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This is a contributing entry for Historic Hanna's Town and only appears as part of that tour.Learn More.

Jacob Mier was the first to step foot onto the land that would soon be Hanna’s Town. He surveyed the land that would in 1768 become available due to the New Purchase. Because of the opening up of land due to the New Purchase, Robert Hanna was the first colonist to choose Mier’s Spring, as it was called during the time. There were three separate springs. These springs had a very important role in Robert Hanna’s choice of this land that he could build upon. The Miers spring is the only one of three springs that is still active from this time, and it’s still very lively today. The milk house beside the spring belonged to the Steel family, and was not present during the time of Hanna’s Town. This small building would be cool, and would be used almost like a refrigerator for goods on the Steel Farm.


  • The plaque on the side of the Spring
  • The Spring and the Steel Milk-House
  • The Spring and the Steel Milk-House
  • The Spring and Milk-house with the Steel house in the background

Jacob Mier was granted a warrant to visit the land that was later chosen by Robert Hanna for his settlement. Jacob states that the land held three natural springs. After extensive archaeological research and digs we are now aware that settlements near these springs even predate history itself. Native Americans found this land valuable to life, there was plenty of natural flowing water, which was a great fine back then. Of course they didn’t have plumbing and pipes, so they would have to fetch the water themselves in order to use it for anything. With an easily accessible water source, the settlement would have had a much easier time growing and populating, making it overall successful in it’s day. Other colonists around this time found fresh and natural running water to be a big deciding factor in the quality of life of the people and overall growth.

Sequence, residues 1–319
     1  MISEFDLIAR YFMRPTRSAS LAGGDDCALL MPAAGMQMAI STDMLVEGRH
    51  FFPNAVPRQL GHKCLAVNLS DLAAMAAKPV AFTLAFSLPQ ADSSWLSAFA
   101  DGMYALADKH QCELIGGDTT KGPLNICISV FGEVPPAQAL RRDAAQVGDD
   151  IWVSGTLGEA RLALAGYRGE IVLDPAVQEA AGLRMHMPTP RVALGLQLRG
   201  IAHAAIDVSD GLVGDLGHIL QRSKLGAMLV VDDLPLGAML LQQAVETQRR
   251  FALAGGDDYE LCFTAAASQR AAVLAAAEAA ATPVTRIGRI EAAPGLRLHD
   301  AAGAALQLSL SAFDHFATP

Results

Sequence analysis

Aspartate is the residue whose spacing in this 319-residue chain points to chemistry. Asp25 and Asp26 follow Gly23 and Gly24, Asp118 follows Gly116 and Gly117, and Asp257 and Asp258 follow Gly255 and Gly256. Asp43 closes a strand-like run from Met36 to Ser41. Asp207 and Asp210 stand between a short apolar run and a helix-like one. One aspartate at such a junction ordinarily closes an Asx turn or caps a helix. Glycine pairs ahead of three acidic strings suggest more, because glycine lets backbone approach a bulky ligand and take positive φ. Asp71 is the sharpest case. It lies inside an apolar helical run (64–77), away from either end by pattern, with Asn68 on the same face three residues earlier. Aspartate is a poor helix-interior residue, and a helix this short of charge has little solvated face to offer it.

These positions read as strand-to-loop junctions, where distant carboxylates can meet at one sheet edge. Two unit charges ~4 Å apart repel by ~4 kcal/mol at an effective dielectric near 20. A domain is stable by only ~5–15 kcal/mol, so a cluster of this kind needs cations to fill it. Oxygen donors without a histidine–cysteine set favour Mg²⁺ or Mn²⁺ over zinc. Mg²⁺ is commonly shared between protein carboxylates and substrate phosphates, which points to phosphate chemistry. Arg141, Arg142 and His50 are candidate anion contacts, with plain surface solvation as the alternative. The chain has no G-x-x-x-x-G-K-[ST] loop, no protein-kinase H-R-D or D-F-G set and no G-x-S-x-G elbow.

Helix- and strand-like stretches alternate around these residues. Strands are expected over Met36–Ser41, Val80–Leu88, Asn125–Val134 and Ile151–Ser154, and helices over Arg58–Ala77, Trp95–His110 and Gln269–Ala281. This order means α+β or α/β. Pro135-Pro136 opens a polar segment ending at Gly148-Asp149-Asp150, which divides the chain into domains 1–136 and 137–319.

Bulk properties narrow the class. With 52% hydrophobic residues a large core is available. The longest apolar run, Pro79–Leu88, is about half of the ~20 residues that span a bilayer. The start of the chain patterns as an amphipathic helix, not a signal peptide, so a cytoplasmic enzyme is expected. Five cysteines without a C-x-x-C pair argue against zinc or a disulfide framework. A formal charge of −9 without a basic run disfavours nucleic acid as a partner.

The Steel family thought of a more advanced way to utilize the spring while living on the land. They decided to build a spring house, which was used as a place to keep the spring unharmed and also to store perishables and used as a ‘refrigerator’ of sorts. The family would also gather water for cooking and washing clothes. This out-building could also be used as a milk house on the Steel family homestead.

Westmoreland County Historical Society. 2019. “Hanna’s Town Tour Manual”. Westmoreland County Historical Society.